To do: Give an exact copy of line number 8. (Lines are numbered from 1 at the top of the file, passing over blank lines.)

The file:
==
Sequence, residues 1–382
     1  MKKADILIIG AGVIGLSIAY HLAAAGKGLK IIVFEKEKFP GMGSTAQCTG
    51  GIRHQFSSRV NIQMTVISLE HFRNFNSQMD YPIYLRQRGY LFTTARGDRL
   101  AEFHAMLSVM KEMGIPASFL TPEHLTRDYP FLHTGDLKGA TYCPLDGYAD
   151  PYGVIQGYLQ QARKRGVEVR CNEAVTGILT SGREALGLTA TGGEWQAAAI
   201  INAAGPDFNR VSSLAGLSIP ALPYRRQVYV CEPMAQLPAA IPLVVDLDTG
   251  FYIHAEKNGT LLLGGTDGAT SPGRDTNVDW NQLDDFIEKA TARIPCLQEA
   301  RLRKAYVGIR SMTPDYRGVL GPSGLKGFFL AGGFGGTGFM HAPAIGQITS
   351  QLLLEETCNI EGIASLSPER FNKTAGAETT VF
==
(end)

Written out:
   301  RLRKAYVGIR SMTPDYRGVL GPSGLKGFFL AGGFGGTGFM HAPAIGQITS